TTSEC: Ponzi schemes banned
PONZI schemes are now illegal in TT due to recent changes in the law, said the TT Securities Exchange Commission (TTSEC) in a recent statement.
Named after Italian swindler Charles Ponzi (1882-1949) who operated in the US and Canada, a Ponzi scheme pays investors in a non-existent enterprise merely by funds from new investors rather than profits generated by productive business activity.
The TTSEC announced certain amendments to the Securities Act, (done under the Finance Bill (No 2) 2021.)
"A new Section 165A has been inserted after the existing Section 165 of the act to provide for the criminalising of any ‘prohibited schemes,’ namely Ponzi and pyramid-type schemes.
"Under the amended Act, it is now a criminal offence to establish, operate, advertise or participate in these prohibited schemes."
It is now also an offence to invite persons to join a prohibited scheme.
"The act further provides that a person who establishes or operates a prohibited scheme is liable, if convicted, to pay a fine of $10 million or to imprisonment for ten years.
In addition, the act says a person who knowingly participates in a prohibited scheme is liable, if convicted, to pay $5 million or to imprisonment for five years.
"For knowingly advertising or inviting another person to join a prohibited scheme a person is liable, if convicted, to pay $2 million or to imprisonment for three years."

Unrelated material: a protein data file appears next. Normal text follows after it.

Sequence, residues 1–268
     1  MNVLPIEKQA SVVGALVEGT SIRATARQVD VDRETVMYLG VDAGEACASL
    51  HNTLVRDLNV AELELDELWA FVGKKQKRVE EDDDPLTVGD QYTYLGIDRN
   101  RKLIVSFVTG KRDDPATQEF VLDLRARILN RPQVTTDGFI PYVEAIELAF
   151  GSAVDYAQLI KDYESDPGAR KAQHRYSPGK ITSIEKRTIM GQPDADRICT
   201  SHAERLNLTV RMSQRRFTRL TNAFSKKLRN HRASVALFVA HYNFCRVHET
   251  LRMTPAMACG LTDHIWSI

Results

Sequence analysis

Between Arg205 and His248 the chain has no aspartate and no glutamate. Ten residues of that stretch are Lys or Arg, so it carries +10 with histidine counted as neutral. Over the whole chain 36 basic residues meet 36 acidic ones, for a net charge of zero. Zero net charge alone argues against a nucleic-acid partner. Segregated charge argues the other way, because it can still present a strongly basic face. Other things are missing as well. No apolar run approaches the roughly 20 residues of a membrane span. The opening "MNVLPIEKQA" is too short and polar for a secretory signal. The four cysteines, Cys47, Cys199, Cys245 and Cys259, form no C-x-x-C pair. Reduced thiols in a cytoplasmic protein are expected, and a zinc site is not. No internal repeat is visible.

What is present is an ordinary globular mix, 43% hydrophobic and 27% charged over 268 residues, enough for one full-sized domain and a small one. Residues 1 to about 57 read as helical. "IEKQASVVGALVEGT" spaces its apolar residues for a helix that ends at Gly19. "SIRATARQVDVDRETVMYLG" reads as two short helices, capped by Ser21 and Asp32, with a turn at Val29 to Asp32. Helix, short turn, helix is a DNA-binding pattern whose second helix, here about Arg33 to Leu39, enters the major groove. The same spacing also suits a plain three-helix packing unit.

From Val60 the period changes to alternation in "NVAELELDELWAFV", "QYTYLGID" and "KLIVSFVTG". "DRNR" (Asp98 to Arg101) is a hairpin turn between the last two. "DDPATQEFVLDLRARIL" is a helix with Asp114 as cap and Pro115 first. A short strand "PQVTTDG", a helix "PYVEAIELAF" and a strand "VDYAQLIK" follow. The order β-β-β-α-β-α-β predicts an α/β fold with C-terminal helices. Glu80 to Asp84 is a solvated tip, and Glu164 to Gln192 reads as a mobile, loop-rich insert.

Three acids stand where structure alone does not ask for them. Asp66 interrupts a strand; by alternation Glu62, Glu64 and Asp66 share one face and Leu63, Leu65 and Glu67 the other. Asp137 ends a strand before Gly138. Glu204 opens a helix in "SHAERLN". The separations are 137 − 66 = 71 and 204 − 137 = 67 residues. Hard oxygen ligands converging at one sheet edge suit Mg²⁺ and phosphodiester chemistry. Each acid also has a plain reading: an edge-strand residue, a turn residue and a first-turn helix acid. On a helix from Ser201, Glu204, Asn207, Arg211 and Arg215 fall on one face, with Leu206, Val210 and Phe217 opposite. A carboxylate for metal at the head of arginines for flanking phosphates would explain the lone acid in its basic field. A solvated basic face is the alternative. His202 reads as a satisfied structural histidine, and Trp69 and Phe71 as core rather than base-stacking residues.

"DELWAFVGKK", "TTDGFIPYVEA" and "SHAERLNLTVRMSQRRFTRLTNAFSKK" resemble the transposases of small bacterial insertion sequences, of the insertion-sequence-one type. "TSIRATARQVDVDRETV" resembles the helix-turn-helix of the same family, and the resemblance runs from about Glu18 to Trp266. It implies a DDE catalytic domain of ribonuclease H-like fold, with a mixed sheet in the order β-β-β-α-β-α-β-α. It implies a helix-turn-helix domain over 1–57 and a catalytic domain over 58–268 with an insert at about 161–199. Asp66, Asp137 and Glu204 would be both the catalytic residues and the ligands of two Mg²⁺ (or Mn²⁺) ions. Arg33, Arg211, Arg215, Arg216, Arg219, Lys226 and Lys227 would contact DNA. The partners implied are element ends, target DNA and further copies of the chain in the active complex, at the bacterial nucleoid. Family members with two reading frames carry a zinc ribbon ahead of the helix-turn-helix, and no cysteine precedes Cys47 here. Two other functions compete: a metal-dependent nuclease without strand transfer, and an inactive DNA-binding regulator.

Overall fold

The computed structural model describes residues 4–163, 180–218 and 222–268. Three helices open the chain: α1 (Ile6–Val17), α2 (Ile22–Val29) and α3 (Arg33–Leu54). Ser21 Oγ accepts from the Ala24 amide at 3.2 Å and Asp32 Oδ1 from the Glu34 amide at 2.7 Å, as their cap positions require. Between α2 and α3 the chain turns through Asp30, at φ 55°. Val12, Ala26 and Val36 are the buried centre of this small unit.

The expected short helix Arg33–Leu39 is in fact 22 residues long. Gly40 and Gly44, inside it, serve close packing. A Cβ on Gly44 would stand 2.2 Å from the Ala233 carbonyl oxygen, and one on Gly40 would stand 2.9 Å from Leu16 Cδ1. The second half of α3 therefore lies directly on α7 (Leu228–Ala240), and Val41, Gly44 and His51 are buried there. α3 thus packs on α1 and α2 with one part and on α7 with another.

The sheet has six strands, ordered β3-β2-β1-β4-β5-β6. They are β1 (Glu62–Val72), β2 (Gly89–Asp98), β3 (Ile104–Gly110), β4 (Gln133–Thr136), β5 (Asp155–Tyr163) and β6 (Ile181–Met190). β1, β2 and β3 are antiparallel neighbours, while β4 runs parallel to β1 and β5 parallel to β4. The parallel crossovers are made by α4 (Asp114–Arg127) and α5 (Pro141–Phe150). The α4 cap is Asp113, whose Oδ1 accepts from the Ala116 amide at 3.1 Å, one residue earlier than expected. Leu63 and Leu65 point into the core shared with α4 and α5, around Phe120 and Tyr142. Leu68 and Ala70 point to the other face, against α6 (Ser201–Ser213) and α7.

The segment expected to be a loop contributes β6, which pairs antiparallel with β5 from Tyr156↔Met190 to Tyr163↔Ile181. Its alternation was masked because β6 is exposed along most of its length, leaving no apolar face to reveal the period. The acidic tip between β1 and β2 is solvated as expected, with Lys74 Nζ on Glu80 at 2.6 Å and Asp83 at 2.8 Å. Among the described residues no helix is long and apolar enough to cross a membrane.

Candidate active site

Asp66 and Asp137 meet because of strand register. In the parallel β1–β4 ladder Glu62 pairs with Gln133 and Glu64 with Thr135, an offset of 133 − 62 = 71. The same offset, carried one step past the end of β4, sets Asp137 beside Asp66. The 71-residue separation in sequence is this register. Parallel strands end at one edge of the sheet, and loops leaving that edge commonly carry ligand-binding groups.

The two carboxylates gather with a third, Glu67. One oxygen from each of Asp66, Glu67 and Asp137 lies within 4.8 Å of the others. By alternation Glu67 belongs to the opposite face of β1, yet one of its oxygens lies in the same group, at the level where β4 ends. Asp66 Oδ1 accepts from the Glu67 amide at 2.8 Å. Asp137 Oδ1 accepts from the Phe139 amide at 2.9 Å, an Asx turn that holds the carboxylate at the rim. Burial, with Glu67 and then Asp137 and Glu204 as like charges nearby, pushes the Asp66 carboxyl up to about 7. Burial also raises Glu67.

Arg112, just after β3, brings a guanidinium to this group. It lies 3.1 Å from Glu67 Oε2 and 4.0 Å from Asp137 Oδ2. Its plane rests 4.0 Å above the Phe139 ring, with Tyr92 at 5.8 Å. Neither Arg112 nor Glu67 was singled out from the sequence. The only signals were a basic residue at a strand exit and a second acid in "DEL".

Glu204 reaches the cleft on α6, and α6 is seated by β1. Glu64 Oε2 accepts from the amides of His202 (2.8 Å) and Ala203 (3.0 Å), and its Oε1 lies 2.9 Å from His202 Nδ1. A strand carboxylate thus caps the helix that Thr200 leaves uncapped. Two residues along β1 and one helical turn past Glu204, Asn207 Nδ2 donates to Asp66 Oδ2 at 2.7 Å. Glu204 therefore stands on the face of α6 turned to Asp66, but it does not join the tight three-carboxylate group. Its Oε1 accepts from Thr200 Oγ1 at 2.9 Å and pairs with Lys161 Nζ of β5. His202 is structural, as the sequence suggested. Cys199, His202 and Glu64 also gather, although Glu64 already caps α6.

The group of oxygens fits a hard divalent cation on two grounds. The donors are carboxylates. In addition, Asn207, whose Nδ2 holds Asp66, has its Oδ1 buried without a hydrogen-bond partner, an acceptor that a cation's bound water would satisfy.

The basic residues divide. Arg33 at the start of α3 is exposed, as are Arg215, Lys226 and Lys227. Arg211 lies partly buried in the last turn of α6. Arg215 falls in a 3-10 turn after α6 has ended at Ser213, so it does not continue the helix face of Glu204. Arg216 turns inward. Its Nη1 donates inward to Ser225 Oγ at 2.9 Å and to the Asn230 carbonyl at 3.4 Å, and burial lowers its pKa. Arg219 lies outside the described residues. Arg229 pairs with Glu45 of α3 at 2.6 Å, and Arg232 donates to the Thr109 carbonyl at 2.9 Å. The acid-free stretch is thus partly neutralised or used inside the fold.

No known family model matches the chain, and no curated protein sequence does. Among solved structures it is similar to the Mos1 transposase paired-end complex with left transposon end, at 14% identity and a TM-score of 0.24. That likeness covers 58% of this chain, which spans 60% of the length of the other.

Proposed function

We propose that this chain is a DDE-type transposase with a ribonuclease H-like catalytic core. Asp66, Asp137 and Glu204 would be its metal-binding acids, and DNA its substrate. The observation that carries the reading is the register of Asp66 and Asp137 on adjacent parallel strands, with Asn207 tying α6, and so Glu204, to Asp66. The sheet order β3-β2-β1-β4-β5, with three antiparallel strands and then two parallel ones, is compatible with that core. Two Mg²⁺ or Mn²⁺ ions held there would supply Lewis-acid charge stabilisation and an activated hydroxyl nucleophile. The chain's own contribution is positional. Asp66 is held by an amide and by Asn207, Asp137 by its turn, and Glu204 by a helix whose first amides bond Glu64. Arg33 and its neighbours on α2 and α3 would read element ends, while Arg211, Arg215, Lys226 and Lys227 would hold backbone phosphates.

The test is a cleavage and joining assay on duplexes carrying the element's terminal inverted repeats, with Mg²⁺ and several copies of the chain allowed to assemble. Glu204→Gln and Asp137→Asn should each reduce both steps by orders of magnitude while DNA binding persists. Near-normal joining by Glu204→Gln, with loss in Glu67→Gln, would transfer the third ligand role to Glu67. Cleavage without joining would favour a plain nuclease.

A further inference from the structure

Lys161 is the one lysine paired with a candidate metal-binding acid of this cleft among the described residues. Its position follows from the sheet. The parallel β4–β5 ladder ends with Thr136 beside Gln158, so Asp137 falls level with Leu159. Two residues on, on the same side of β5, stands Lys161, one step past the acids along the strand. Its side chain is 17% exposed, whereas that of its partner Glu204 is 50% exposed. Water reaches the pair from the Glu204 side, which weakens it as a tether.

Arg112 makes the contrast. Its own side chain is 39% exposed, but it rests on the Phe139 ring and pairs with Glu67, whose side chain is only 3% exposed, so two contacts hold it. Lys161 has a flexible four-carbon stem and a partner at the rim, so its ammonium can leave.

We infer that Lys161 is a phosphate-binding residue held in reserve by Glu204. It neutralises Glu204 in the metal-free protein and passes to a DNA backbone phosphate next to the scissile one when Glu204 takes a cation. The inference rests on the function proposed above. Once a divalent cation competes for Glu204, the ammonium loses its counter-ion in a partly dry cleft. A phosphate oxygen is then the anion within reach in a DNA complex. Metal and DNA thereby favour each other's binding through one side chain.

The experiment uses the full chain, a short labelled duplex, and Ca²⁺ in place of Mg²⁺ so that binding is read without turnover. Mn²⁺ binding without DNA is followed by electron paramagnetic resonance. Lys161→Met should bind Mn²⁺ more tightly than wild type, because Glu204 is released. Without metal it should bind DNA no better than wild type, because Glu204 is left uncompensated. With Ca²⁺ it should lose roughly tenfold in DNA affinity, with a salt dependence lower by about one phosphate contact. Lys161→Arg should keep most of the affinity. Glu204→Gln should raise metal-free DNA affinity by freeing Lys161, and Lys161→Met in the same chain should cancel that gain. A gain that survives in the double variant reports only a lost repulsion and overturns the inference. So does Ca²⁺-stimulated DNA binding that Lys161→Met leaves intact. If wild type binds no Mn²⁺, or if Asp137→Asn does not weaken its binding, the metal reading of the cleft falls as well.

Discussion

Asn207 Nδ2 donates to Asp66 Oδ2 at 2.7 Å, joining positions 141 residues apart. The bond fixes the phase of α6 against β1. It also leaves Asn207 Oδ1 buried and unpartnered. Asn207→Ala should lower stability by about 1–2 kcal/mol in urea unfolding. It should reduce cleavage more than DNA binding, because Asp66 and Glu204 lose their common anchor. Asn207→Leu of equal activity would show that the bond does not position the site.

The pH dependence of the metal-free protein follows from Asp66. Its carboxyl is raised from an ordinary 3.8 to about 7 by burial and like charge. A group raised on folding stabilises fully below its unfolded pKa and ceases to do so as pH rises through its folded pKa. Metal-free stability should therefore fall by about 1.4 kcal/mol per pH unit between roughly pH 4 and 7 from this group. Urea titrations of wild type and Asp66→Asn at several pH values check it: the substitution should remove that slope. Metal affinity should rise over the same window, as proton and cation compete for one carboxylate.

The TTSEC asked members of the public who may have information about the operation of a prohibited scheme to contact them or send the relevant information (audio or video files, documents, texts or images) via the TTSEC Investor Protection App, easily downloadable via the Google and Apple Stores. It can be found at the Google PlayStore at: https://play.google.com/store/apps/details?id=tt.org.ttsec.apps.investorprotection&gl=us or Apple Store https://apps.apple.com/tt/app/investor-protection/id1577949717.
Last December during debate on the Finance Bill (no 2) 2021 former attorney general Faris Al-Rawi had warned the public against "too-good-to-be-true schemes" which the law would curb.
Piloting that Finance Bill, Finance Minister Colm Imbert had attested to "the deleterious effects of Ponzi, pyramid and other schemes on the economy and on the vulnerable in society."
He explained, "A prohibited scheme means the business is structured in such a way that the returns that an investor or client earns is directly tied to the number of persons he recruits to join the scheme. "You recruit more and more people, and you get more and more money."
"TTSEC: Ponzi schemes banned"